Colehurst Manor, Stoke Heath - Grade II listed house built in 1600 and extended in the late 19th Century.

Condover Hall, Condover - Grade I listed house once described as the grandest manor house in Shropshire. It was a Royal manor from Anglo Saxon times to 1586, when Elizabeth I gave it to Thomas Owen. In 1960 it became a residential school, initially for blind children and then for autistic children, but this closed in 2009. It then underwent a multi-million pound refurbishment programme to turn it into a residential activity centre.

Coton Hall

Cound Hall, Cound - Grade I listed house built in 1703-04 by John Prince for Edward Cressett.

Cronkhill Villa, Cross Houses - Grade I listed house built by John Nash about 1802 for the second Lord Berwick, who lived at the nearby Attingham Park.


Davenport House, Worfield - Grade II listed house built in 1726 by the Smith Brothers of Warwick for Henry Davenport.

Dawley Castle, Telford - Fortified house built about 250 metres south of the church in 1316 by William de Moreton, who was granted a licence in 1316 to surround the building with a limestone wall and to crenellate it. The manor was later acquired by the Fitz Alans, who were Earls of Arundel and important Marcher lords holding several other Shropshire castles. Richard Fitz Alan fell foul of King Richard II and was executed in 1397. Dawley Castle, then known as Dalileye, was seized by the Crown. In 1399, Richard was overthrown by Henry IV and the house was restored to Fitz Alan’s son Thomas but was abandoned soon after. The Manor was purchased by Sir Rowland Heywood in 1559 and in the 17th Century it was acquired by the Fulke Crompton family. At the beginning of the Civil War, it was owned by Mary Crompton who was a Royalist. There was a Royalist garrison there in 1645, when they came under siege from Parliamentary forces. It was captured and the Royalist garrison fled to Ercall Hall. Three years later, the Royalists again attempted to garrison the building through a plot contrived by Sir Henry Lingen. He had hoped to organise an uprising in Shropshire and neighbouring counties, one of the targets being the seizure of Dawley Castle, but the scheme was discovered. The castle was ordered by Parliament to be demolished, along with other buildings in the county that had been used to favour the Royalist cause. By 1762, the site had become a farm and, by 1817, it is recorded that some of the original buildings remained, surrounded by a water-filled moat. However, when the Coalbrookdale Company’s Castle Furnaces were opened nearby in 1810, slag from the works buried the site so there are no visible remains today.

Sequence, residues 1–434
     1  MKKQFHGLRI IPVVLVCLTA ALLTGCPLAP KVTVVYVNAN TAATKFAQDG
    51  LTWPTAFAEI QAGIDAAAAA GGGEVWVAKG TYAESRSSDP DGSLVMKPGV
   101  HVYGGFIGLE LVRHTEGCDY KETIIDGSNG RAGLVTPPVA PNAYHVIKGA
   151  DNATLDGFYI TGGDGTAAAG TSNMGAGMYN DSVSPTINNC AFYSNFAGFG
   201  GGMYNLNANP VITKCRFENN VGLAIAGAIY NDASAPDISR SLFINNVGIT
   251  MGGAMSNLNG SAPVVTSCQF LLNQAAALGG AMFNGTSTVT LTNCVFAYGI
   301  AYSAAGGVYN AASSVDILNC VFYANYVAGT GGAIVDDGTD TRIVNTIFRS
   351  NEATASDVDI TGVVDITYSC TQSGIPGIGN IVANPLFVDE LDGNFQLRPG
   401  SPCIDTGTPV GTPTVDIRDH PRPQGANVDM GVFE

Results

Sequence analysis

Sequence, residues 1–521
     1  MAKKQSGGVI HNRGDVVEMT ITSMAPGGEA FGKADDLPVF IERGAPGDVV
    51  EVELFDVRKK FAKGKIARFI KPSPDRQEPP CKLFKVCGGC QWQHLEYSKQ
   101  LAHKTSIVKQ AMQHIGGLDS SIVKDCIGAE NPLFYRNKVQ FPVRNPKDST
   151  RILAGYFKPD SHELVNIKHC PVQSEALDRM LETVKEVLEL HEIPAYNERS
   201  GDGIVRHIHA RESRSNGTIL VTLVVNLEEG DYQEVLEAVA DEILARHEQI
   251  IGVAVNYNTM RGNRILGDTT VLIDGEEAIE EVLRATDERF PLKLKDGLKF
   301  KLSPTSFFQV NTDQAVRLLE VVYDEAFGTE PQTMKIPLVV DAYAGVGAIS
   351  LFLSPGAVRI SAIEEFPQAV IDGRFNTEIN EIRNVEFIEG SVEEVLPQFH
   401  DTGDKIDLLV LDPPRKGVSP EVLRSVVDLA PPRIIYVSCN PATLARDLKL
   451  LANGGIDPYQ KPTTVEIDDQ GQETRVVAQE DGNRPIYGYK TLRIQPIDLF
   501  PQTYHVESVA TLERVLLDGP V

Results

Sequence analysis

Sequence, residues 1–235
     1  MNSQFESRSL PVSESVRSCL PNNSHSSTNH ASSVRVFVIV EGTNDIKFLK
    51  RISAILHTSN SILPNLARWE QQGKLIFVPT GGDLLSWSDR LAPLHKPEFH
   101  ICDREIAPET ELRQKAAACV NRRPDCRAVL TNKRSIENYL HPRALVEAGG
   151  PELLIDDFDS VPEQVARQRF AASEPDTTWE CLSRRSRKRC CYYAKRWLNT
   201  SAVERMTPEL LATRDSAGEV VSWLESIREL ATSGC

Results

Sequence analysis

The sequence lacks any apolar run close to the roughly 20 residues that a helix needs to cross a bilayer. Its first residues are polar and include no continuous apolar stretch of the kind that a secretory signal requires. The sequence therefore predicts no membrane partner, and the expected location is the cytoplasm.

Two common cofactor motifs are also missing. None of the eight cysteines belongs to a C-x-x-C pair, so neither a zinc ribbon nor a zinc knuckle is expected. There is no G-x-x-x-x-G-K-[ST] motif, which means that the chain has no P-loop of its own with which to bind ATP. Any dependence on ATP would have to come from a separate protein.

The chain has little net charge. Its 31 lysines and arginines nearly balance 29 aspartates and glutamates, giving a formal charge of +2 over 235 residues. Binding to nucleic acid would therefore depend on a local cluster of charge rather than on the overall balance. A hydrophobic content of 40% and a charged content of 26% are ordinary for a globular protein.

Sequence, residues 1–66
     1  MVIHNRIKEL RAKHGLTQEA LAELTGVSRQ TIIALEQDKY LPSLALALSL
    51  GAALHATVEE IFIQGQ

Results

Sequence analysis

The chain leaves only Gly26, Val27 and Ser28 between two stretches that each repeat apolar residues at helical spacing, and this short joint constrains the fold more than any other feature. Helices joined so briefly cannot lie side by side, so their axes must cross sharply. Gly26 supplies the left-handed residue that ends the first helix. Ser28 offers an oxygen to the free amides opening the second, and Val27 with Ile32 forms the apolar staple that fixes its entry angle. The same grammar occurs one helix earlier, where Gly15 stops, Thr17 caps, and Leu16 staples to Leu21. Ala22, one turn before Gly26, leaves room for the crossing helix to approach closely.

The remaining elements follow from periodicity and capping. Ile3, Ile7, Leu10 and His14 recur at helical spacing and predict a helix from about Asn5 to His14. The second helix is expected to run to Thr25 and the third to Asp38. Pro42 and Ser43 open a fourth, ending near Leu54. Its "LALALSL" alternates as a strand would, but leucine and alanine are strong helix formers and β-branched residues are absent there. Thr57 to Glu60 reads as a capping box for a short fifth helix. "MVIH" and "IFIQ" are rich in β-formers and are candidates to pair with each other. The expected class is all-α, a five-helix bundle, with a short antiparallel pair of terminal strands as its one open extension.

Delbury Hall, Diddlebury - Grade II listed house built in 1753.